Friday, February 29, 2008

The vulnerability of chief executives in FE and housing

In the FE and social housing sectors where I spend a lot of my time working, I’ve noticed that the industry press have been talking about the vulnerability and turnover of chief executives.

Inside Housing reported that arm's-length management organisations (ALMOs) have experienced massive upheaval over the last year with a quarter replacing their chief executives. It talked about pressure to meet the decent homes deadline, interference from parent local authorities and the desire of some chief executives to take on a new challenge

The FE pages of the Guardian reported that college principals are now like football managers - they don't last long if they don't get results. It also reported that research suggested had found that “excessive audit cultures, inconsistent funding and multiple community engagements” resulted in a growing disinclination for qualified candidates to apply for vacancies.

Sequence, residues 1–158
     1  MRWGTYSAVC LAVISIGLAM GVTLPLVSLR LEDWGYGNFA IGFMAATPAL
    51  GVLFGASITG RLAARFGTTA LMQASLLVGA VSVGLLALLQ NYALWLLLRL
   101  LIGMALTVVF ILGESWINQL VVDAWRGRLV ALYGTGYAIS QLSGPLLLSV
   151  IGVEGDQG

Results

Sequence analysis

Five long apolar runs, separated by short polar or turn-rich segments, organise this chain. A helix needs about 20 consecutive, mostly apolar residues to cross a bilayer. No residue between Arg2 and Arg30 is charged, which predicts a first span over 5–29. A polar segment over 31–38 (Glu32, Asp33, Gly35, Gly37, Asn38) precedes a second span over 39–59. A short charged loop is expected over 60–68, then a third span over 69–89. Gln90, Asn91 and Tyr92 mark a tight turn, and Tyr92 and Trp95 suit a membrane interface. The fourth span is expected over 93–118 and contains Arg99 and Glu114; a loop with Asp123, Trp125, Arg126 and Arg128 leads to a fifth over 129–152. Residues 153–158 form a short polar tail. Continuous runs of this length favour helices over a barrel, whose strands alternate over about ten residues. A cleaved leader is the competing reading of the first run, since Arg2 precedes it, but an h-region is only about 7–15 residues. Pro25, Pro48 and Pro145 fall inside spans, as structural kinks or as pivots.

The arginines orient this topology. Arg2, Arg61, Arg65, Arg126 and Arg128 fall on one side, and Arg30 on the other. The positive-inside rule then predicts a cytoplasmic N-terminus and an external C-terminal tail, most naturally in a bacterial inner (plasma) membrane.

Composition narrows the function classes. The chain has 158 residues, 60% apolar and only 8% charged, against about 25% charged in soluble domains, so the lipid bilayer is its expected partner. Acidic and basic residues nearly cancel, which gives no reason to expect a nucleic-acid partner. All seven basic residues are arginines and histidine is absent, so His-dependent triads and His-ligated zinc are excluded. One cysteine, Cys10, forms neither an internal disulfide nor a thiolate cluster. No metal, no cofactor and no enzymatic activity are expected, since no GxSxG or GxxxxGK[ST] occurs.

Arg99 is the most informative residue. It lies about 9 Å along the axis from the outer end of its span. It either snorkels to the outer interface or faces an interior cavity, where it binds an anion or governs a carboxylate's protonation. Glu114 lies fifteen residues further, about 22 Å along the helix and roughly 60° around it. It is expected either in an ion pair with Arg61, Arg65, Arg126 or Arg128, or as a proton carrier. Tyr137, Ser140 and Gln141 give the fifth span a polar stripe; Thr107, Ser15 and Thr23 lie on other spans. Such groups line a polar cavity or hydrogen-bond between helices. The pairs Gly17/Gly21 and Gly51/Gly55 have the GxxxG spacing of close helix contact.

Should we worry? I am suspicious of the cult of the CEO – chief executives are not superheroes. (Nor in fact are football managers – see King Kevin at Newcastle United.) As one author has pointed out “Past success is no guarantee of future success”. Sometimes chief executives are just lucky – chief executives (and boards too) are at the helm of successful organisations (or what are perceived to be successful at the timel – look at Enron or Northern Rock).

Nevertheless, I have seen how a lack of leadership can be debilitating. Organisations in public services will be losing direction if they do increasingly lose their chief executives.

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